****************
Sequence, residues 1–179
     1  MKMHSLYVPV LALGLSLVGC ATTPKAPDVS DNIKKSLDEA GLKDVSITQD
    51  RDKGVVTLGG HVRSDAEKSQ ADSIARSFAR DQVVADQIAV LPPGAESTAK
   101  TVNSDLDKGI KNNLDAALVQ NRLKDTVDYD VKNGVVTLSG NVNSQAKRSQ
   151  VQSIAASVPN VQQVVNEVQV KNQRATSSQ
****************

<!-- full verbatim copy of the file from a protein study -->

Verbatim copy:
Sequence, residues 1–179
     1  MKMHSLYVPV LALGLSLVGC ATTPKAPDVS DNIKKSLDEA GLKDVSITQD
    51  RDKGVVTLGG HVRSDAEKSQ ADSIARSFAR DQVVADQIAV LPPGAESTAK
   101  TVNSDLDKGI KNNLDAALVQ NRLKDTVDYD VKNGVVTLSG NVNSQAKRSQ
   151  VQSIAASVPN VQQVVNEVQV KNQRATSSQ